By Shahin Sharma
There I sat lamenting the impending end of a long weekend, aware of my anxiety level increasing – not just due to the length of my “to do” list, but at the thought of “having so much to do and only one day to fit it all in!”
Not wanting to spend my last day off in an anxiety-driven, activity-filled frenzy to cross things off my “to-do” list, and still desperately craving rest and relaxation, I chose a different approach.
I took a deep breath, and then another, until I felt calm enough to notice my anxiety and its source, which were my thoughts – the negative and self-critical tape that ran repeatedly in my head. I examined these:
- What am I saying to myself? Why?
- Is this actually true? How?
I realized that while I wanted to accomplish certain things, I did not have an actual plan to do so; only an impression of what I needed to do. I did not have a to-do list; only an assessment that it would be a long and arduous one!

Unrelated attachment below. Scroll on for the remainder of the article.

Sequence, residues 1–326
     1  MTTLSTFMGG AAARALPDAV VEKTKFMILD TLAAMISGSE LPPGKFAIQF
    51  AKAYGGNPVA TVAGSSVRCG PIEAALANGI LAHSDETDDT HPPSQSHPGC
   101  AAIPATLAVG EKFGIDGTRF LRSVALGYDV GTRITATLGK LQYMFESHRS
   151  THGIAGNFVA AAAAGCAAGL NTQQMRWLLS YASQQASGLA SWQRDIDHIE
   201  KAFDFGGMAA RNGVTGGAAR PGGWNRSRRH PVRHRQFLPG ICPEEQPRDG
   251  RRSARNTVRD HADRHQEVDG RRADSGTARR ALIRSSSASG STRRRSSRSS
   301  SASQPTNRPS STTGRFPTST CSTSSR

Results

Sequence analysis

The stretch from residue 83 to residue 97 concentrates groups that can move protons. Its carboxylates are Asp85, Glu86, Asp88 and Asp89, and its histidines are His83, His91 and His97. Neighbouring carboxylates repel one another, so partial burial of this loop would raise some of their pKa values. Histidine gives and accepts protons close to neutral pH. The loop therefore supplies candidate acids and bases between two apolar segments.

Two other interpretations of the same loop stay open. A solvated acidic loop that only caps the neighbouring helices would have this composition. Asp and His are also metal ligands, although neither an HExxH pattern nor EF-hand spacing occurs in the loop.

So, I took another deep breath and prepared to devise a plan. I also chose to switch to emotions that would better serve me in this process – emotions of curiosity and wonder, rather than anxiety and worry. Now, I had a different energy.
“What do I want my day to look like?” I asked myself. This question felt spacious, relaxed and fun.
As I penned my plan, I noticed that my to-do list looked different from what I had imagined. In addition to chores, my list included feelings, such as “wanting to feel relaxed.” My list also had activities that fed my heart, such as reading a novel. I noticed that I was smiling. I no longer felt anxious but excited and hopeful.
This shift was possible because I paid attention to what was happening with me – my thoughts, emotions, energy – and chose to move towards those that would be more effective in the moment.
Shahin Sharma, BA ACC